The forms encode a -- there's that word again -- "perspective" of the reality of the action involved, which has many if not endless variations. I analogize it to a slice out of the whole apple -- the slice is informative about how the apple is -- but also fixed and partial in view in a way the whole is not, because it is continuous. Stacking slices over and and over makes a fair approximation of the whole, but a stack of apple slices is also not the reality of the apple.

My main criticism of the "internal-first" crowd is that you cannot see the inside of the apple without cutting it open, so what they are doing is not really as divorced from form as they would like to think. It is a different approach to form, clearly -- but not apart from the paradigm of "form-first." It just isn't the forms of the canon.

Where the canon determines its forms by obviously resulting overt actions -- the internal perspective is focusing on the form of the operative states of the body that happens to result in those actions. From one perspective they have a point. Their approach is operatively prior to what results. It is also true that results-oriented training tempts one to expedients that APPEAR similar in result -- but are not really. But it is also true that starting with a resulting action one can work into an awareness of -- and immediate demonstration -- of what did-- or did not -- just make that result occur -- the right ways and the wrong ways (and the just plain no-ways).

I don't fault some of the forms they are advocating -- pole/spear shaking is very good, as are lot of other things, and the refocusing on the Aiki taiso needs to happen anyway and more rigorously, and as we are. "Intent" as a paradigm though, is a tad abstruse as a concept, if you ask me. "Using stress" or "preparatory stress" developed in the structure focuses on the same basic perception they are seeming to get at -- or a more available "perspective": for most students (IMO).
I agree 100% with you, Erick.

There's a recent translation by Chris Li, Hakaru Mori on the Aiki of Tenouchi. It was interesting to read this, and have reaffirmed how I've been approaching teaching recently, by separately but concurrently training Aiki/IP and Chin Na.

From the article:
Quote:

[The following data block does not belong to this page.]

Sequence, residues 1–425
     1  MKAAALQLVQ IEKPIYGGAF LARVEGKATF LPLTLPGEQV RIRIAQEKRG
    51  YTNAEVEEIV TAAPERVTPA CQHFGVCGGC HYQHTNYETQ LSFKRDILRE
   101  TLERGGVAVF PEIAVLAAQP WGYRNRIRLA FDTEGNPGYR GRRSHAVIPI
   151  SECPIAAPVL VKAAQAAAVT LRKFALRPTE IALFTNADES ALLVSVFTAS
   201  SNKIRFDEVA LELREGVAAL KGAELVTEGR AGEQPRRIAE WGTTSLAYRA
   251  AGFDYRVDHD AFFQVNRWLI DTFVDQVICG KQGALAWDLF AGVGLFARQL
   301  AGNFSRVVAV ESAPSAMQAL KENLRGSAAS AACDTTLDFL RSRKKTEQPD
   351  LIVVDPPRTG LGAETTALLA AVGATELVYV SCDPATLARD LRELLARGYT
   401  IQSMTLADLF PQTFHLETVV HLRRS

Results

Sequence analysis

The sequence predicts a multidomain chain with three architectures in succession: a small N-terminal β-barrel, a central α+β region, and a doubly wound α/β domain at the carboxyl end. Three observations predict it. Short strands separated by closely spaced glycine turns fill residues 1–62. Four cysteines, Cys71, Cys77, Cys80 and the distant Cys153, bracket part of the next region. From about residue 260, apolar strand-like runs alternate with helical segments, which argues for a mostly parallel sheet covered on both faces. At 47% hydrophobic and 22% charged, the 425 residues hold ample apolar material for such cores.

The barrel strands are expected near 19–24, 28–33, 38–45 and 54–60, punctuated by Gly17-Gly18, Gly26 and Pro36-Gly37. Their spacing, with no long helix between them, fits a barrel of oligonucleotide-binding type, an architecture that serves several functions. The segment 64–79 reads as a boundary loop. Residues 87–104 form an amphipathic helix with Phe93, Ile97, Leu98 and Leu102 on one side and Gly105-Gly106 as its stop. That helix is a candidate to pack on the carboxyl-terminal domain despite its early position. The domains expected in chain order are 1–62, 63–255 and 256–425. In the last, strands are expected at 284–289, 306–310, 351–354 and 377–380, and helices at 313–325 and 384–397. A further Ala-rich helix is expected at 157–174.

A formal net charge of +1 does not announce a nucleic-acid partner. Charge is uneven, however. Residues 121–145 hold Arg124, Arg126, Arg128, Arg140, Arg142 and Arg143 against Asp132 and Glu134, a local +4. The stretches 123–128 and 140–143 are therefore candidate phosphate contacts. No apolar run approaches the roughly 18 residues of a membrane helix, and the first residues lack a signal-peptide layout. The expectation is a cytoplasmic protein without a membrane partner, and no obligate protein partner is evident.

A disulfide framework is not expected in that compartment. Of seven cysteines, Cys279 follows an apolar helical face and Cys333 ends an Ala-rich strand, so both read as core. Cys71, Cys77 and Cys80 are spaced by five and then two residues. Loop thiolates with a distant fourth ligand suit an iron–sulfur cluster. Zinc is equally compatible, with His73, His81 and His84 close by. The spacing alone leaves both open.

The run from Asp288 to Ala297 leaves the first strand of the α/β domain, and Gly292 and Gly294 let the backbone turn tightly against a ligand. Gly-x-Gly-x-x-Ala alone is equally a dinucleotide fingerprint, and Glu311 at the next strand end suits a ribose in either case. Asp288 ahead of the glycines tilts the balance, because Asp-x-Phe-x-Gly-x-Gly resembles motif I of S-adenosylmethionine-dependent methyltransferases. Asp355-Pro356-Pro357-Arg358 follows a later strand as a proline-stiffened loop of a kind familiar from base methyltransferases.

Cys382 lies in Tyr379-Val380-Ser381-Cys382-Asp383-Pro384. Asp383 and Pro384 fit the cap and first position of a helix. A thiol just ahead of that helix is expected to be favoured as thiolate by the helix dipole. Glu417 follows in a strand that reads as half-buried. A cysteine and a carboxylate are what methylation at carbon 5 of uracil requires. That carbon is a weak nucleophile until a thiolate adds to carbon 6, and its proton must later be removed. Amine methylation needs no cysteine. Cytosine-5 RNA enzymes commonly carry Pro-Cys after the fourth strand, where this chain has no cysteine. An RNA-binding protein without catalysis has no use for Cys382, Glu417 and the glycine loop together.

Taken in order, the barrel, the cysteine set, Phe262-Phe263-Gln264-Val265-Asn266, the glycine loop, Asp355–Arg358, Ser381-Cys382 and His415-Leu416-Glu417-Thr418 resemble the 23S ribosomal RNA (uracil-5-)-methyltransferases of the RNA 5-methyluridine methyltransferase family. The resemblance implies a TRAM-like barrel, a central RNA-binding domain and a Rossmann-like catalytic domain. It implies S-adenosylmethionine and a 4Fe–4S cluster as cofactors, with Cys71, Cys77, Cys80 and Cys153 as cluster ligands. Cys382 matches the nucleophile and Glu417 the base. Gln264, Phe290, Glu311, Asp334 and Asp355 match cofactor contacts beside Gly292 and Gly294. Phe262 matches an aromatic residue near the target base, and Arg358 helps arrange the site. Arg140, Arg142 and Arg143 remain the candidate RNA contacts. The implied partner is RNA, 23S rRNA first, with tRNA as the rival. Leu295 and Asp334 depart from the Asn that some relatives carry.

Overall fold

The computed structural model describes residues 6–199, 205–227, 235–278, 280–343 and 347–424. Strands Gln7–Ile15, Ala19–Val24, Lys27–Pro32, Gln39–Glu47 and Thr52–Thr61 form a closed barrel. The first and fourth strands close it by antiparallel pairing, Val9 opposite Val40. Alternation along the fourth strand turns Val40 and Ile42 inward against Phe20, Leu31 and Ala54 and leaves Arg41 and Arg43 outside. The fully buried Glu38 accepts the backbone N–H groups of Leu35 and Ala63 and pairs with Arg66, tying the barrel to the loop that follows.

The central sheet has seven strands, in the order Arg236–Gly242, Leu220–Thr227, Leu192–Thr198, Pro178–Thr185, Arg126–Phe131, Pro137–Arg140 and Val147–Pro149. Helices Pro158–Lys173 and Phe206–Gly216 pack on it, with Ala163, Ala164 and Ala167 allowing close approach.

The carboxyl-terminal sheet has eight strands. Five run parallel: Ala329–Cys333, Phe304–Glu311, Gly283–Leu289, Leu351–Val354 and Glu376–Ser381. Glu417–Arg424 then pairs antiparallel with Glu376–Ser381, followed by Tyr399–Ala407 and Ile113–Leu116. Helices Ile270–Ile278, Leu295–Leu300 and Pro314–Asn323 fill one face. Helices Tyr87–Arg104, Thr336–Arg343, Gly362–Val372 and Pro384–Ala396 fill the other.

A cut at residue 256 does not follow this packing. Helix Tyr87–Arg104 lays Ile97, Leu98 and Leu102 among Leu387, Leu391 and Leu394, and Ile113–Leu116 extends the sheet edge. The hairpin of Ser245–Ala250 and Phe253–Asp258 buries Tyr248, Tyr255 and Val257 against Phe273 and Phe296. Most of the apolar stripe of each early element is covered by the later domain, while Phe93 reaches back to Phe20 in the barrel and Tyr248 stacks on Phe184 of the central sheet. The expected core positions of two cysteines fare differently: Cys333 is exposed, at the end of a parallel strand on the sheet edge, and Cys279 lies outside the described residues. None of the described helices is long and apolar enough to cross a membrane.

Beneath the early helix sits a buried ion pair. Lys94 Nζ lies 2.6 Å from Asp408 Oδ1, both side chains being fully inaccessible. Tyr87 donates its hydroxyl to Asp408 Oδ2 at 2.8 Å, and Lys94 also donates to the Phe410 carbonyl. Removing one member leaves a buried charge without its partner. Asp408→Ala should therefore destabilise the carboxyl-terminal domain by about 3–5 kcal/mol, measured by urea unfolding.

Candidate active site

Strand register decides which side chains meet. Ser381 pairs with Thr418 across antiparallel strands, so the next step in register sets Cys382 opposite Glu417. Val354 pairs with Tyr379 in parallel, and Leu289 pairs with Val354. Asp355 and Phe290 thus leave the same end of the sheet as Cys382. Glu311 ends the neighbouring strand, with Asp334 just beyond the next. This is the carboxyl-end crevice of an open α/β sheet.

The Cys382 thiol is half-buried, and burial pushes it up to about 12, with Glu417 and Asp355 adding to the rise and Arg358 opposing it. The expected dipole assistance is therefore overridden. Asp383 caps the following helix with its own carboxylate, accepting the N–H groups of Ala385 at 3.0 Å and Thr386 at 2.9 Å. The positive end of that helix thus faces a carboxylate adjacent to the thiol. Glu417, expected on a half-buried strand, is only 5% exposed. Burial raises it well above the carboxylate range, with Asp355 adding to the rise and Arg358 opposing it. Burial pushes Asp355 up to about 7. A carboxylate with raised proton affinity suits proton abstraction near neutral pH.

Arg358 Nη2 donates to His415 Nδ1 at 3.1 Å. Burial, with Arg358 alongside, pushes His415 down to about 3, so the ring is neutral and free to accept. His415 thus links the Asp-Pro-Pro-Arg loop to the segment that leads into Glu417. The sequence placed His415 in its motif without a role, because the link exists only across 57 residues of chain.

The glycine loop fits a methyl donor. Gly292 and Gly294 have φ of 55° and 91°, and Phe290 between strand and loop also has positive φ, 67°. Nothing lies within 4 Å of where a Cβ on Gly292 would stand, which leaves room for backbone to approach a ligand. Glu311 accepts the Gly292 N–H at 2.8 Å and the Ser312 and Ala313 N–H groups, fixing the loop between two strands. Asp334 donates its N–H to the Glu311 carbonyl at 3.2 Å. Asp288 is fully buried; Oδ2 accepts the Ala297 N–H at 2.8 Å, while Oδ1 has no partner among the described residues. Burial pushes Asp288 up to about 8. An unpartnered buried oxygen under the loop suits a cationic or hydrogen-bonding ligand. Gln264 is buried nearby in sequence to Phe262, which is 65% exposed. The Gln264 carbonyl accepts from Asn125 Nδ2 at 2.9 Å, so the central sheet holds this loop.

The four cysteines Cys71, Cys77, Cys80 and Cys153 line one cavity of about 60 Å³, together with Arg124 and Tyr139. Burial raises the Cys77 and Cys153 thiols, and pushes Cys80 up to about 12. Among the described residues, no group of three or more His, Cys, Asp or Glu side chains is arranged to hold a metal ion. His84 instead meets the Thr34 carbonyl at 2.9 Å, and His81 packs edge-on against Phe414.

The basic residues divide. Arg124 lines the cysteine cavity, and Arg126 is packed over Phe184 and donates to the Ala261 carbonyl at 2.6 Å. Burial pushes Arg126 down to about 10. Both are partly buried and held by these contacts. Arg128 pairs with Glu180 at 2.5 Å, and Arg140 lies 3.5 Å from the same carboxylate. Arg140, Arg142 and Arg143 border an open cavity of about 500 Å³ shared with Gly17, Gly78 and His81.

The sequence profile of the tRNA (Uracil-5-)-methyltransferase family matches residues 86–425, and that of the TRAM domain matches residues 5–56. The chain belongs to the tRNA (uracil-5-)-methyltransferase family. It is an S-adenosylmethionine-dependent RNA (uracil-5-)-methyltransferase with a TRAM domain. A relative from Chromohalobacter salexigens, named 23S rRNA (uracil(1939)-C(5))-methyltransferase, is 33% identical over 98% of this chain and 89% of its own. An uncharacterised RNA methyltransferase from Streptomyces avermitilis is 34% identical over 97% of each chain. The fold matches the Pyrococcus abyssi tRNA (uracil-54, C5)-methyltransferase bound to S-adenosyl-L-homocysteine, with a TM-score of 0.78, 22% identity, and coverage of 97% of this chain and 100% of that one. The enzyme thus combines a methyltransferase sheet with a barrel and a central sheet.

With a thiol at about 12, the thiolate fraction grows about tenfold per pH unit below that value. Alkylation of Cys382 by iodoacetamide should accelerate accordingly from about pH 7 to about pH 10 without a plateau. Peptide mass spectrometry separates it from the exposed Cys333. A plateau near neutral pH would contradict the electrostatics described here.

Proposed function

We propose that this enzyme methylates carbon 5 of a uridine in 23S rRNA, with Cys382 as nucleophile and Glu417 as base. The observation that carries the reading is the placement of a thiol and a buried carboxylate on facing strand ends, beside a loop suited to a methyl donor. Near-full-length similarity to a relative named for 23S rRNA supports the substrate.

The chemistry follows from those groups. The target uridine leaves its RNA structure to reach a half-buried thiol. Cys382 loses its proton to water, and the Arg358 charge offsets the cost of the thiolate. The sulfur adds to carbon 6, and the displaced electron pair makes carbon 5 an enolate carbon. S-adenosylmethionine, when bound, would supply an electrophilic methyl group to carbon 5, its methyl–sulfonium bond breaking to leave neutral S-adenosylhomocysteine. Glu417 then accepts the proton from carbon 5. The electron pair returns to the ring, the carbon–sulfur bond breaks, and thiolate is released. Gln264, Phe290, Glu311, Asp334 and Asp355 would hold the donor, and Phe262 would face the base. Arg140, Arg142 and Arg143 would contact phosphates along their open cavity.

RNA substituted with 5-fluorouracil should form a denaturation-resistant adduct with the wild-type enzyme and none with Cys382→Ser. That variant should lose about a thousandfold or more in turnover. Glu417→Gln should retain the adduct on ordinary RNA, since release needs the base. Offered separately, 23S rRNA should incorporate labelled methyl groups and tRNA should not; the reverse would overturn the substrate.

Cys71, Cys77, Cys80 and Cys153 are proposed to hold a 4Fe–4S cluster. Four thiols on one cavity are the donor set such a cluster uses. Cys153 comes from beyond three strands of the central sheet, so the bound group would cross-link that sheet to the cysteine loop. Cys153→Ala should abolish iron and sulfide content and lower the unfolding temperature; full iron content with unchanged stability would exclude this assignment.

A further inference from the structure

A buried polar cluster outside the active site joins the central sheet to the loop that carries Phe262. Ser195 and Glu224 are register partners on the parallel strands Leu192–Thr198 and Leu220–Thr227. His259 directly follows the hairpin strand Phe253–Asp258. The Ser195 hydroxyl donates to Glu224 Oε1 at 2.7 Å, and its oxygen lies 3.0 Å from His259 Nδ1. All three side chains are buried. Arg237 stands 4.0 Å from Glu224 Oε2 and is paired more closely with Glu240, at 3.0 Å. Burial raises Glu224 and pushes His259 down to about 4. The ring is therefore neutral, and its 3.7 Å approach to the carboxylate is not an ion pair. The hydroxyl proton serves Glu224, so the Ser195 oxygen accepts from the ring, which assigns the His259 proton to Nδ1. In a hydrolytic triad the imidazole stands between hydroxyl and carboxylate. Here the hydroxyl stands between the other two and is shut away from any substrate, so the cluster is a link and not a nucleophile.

In order to apply Aiki and execute Aiki techniques, the strength, technical points and other essentials required for joint techniques are not necessary requirements. You could even say that they are an impediment.

In order to apply Aiki and draw out the opponent's instinctive unconscious movement you must not grasp the opponent. You must not put power into the opponent. At least, you must not allow the opponent to feel as if power is being brought to bear.

In other words, the fundamental principles behind Aiki techniques and joint techniques are completely different, stated extremely one could even say that their technical principles are diametrically opposed. Accordingly, however much one trains in joint techniques, that alone will absolutely not enable one to accomplish Aiki techniques.

Of course, the reverse is also true, that however much one trains in Aiki techniques, it is absolutely impossible to achieve mastery of correct and effective joint techniques.

Therefore, it can be said that in order to master Aiki and Aiki techniques, those training must learn joint techniques in parallel with Aiki techniques before they become tainted and strangled by the technical principles of learning joint techniques alone. At each practice, switching between the technical principles of both must occur not only intellectually, but also naturally and smoothly with the body.

If one trains this way repeatedly, in the end both sets of technical principles will become fused in the body, and they will become able to freely repeat the natural techniques of Aiki-jujutsu.
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Old 09-23-2014, 08:36 PM   #46
kewms
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Re: Third Wave Aikido

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Do you know of any other kind of art endeavor - such as music, painting, cooking, etc. - that requires people to kowtow (1. act in an excessively subservient manner.) to a political organization, teachers, technical form, and ranking structure?
Yes, all of them.

You can cook whatever you want in your own kitchen, but if you want someone to actually pay you that Culinary Institute training will come in pretty handy.